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Afghan war not fought in his country’s interest: Karzai
 
 
 

WASHINGTON - Expressing “extreme anger” toward the US government, Afghan President Hamid Karzai said in an interview with the Washington Post that the war in Afghanistan was not fought with his country’s interests in mind.
“Afghans died in a war that’s not ours,’ Karzai said in the interview published on Sunday, just a month before an election to pick his successor.
He was quoted as saying he was certain the 12-year-old war, America’s longest and launched after the attacks of Sept 11, 2001, was “for the US security and for the Western interest.”
Karzai’s refusal to sign a security deal with Washington that would permit foreign troops to stay in Afghanistan beyond this year has frustrated the White House, and President Barack Obama has told the Pentagon to prepare for the possibility that no US troops will be left in Afghanistan after 2014.
Obama told Karzai in a phone call on Tuesday he had given the order to the Pentagon. The phone call was the first substantive discussion between the two leaders since June. But staking out a new position, the White House said in a statement it would leave open the possibility of concluding the bilateral security agreement later this year.
“It’s good for them to sign it with my successor,” Karzai told the Post. He has insisted the United States must jump-start peace talks with Taliban insurgents and end raids and strikes on Afghan homes before he signs the deal.
The NATO-led force in Afghanistan has a current strength of more than 52,000 soldiers, including 33,600 US troops. More than 3,400 coalition forces have been killed in the fight against the Taliban, including more than 2,300 US troops.
While Afghanistan’s police and army are seen as having made big strides in their ability to fight militants, doubts remain about whether they can keep a still-potent Taliban at bay, especially in remote areas.
In the interview, the Afghan leader said he was deeply troubled by the war’s casualties, including those in US military operations, and felt betrayed by what he described as an insufficient US focus on going after Taliban sanctuaries in Pakistan rather than in Afghan villages.
Civilian casualties in Afghanistan dissipated his country’s “common cause” with the United States, Karzai told the newspaper. Criticizing his US allies was the only way to secure a response by Washington to his concerns, he added. The Post said Karzai told his interviewers as he escorted them out of his office on Saturday night: “To the American people, give them my best wishes and my gratitude. To the US government, give them my anger, my extreme anger.”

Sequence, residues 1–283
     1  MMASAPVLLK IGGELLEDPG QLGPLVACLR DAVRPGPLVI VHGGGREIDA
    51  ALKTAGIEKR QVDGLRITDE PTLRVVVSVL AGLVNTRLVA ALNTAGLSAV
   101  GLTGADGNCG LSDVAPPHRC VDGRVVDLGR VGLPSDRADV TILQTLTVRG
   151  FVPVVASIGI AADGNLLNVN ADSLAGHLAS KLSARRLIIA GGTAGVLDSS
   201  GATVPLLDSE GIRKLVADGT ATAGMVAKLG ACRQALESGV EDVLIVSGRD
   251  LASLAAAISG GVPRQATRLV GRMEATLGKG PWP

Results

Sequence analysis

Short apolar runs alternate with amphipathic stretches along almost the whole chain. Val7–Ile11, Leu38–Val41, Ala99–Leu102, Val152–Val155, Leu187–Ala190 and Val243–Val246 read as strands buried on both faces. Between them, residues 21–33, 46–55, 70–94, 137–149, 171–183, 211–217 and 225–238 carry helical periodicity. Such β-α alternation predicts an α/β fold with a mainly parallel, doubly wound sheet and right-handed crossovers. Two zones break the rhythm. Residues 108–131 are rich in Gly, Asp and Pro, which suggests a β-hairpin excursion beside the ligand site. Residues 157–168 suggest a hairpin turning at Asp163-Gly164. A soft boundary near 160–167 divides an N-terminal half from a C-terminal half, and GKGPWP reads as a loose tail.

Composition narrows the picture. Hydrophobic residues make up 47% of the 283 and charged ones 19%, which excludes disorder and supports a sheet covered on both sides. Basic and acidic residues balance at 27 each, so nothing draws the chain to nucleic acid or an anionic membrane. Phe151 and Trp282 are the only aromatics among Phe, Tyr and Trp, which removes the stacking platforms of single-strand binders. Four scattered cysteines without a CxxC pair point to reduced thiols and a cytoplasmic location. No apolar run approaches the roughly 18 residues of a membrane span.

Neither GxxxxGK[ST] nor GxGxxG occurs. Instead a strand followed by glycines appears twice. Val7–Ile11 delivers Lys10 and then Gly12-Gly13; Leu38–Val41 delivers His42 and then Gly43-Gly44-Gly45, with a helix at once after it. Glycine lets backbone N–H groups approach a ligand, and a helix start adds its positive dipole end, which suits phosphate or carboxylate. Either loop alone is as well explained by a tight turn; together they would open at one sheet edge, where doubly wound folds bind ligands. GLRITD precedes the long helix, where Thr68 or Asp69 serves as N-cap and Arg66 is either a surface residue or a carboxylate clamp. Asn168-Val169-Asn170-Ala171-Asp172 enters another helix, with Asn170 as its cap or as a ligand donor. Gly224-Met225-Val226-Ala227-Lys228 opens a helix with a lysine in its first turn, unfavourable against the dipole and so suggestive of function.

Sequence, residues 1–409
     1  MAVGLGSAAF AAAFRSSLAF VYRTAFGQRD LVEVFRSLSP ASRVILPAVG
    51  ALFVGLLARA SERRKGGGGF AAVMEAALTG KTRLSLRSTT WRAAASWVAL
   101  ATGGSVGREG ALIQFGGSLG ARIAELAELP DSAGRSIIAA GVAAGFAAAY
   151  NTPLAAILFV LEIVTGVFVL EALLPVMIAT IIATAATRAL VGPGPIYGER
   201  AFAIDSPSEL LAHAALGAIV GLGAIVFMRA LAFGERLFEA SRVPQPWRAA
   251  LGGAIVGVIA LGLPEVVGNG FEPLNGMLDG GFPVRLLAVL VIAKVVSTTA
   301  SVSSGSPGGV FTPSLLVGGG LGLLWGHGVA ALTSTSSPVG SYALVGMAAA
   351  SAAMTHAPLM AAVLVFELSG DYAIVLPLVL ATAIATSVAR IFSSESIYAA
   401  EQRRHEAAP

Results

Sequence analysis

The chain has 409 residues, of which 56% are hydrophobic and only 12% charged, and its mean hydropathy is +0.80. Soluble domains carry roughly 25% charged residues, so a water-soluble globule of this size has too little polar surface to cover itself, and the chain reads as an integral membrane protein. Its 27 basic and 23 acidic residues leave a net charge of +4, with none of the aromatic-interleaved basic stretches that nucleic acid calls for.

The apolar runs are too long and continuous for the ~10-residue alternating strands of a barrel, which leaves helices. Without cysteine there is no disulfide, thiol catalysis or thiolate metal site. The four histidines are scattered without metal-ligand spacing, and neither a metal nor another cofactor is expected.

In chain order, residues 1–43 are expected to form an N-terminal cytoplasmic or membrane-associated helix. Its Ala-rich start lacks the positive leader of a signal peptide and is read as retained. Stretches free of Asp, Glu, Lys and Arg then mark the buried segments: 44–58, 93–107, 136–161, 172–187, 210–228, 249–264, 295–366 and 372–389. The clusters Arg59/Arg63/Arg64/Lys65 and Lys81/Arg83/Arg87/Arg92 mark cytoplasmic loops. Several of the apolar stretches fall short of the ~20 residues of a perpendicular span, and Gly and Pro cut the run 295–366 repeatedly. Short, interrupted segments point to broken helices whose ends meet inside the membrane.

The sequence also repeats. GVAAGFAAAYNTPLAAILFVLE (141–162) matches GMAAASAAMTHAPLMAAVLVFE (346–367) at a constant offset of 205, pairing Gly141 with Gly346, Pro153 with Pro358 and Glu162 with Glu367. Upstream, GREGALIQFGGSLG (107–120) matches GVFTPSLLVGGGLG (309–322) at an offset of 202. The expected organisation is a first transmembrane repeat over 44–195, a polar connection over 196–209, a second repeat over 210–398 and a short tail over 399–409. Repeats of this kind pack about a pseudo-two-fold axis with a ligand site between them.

Meanwhile, at least 13,700 members of the Afghan security forces have died in fighting over the last 10 years - nearly four every day - according to new figures on government compensation paid to victims’ families.
The grim death toll in the fight against Taliban-led insurgents was revealed by the Office of Administrative Affairs (OAA), the secretarial department that collates information for President Hamid Karzai and the cabinet.
The OAA said that 13,729 families of security force personnel had been awarded financial support after suffering a fatality, while another 16,511 families were compensated after a relative was wounded.
“Every family that has received assistance represents a martyr,” Sayed Jawad Jawed, director of public affairs at the OAA, told AFP on Monday.
“We can’t say that this is the total number of casualties as we don’t have those figures,” he added. “These figures represent the number of families of the martyrs assisted by the government, and the same with those wounded.”
The death toll among Afghan security forces has rapidly increased in recent years as they take over responsibility for fighting insurgents from US-led NATO troops, but exact casualty rates have been hotly disputed.
US officials said that at the height of last year’s “fighting season” more than 400 army and police were being killed in action every month.
The Afghan government does not normally release figures to avoid damaging public morale.
The OAA said that 12,336 families had also received compensation for losing a civilian relative in the war over the last 10 years, but the total number of civilian casualties is likely to be much higher.
According to a UN report released last month, the conflict has claimed the lives of 14,064 civilians in the last five years alone.
The UN attributes the vast majority of civilian deaths and injuries to “anti-government elements” led by the Taliban.
All 55,000 US-led combat troops still in Afghanistan will leave by December, but a small force may be deployed from 2015 on a training and counter-terrorism operation.
In the latest major attack on Afghan forces, 21 soldiers died in an assault in the eastern province of Kunar one week ago.
“Afghanistan supports the families of the martyrs and wounded, military and civilians, as a religious, national and official duty of the government,” the OAA said in a statement.

 
 
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